A friend of mine, Carlton Gibson recently asked me for some links, people to follow, and leads in general to look up for a developers taking a new interest in solar technology.
@mrchrisadams hiya — happy new year!
Can I ask, if I asked if you had any good leads on accounts/blogs to follow on the topic of “solar”, what might you say?link to original toot / post thing
Rather than make a throwaway thread, I figured it might be more helpful to have a slightly jucier post that I can come back to, and maybe even update as I find better resources.
Off we go…
If you’re interested in solar, then Jenny Chase is probably the first person you should follow, is one of the world’s experts in the subject, and is active on Mastodon and Twitter. The book listed above sounds dry, but it’s funny, extremely informative, and not too long. Totally worth the read. Also, you should be following Jenny on social media. Honestly, you could probably stop at just following her. I learn loads from following her accounts on social media.
Tega Brain and Alex built a distributed system of solar powered raspbeery pi computers which are networked together, and the website is served from which ever site has the most energy, by changing the DNS records. The source code is on github and a lot of the logic is python. There’s also an academic paper submitted to the LIMITS conference about the thinking behind it the project.
Low tech magazine – Kris De Decker
“This website is a solar-powered, self-hosted version of Low-tech Magazine. It has been designed to radically reduce the energy use associated with accessing our content.” The low tech magazine was one of the earlier sites doing interesting stuff with solar and tech. And (as is a bit of a theme, there’s a LIMITs conference paper too)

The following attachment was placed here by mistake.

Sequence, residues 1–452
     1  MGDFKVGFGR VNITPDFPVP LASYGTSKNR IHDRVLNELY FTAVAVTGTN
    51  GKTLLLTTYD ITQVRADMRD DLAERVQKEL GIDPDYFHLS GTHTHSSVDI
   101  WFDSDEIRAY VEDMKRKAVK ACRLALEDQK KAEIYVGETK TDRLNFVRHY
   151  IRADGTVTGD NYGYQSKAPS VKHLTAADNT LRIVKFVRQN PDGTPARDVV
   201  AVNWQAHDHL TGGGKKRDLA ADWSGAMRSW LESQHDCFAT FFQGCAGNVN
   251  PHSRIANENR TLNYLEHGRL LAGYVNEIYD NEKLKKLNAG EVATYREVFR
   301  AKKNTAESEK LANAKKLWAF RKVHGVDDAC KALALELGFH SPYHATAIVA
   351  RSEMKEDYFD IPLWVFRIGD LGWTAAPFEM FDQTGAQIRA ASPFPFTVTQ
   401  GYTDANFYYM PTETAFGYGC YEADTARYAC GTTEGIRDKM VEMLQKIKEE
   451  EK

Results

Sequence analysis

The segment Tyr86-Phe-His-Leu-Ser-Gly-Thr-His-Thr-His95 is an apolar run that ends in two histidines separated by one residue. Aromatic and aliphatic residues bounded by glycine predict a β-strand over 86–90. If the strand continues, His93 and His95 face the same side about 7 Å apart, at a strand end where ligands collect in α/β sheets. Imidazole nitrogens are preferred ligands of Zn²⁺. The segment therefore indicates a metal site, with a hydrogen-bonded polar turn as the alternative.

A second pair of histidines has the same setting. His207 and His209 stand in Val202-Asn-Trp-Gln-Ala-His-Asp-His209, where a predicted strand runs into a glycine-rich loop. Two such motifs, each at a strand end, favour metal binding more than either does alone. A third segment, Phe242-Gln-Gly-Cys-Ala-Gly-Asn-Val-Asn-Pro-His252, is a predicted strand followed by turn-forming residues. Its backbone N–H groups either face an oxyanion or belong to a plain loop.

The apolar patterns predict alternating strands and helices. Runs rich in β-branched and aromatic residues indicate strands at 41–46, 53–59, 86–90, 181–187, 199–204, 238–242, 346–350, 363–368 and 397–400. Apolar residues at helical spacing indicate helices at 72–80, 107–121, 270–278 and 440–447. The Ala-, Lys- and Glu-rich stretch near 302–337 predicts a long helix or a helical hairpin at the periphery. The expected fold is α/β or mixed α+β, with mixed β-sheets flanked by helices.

Scott Web has been blogging about creating solar and battery Raspberry Pis, and using various orchestration tools to manage his websites. He provides useful writeups to help understand how he has been building them for himself, and for others to follow.
I can’t tell is this is a report, or a monster blog post, but it’s absolutely full of useful factoids and background information for folks interested in the energy transition – particularly the impact that cheap solar is likely to have. There are many, many good diagrams too, which really hit home the scale of the changes facing us.
My blog post explaining the relevance of the energy transition in the context of people building stuff online. I talk about Moore’s Law, how it’s related to an older, and more general law called Wright’s Law, and make a justice based argument for a internet powered primarily by solar, and stored energy (other renewables show up too, but solar, followed by wind is projected to the majority of the work decarbonising our electricity system).
This report comes out every two years, coming out in two parts – it provides a look back at key trends, in the off-grid solar sector over the past two years, including business models, technologies, competitive landscape and funding, and also provides an outlook into the future describing different likely scenarios.
OK, that’s it for now – I’ll add more later this week, as I know inspiration will strike.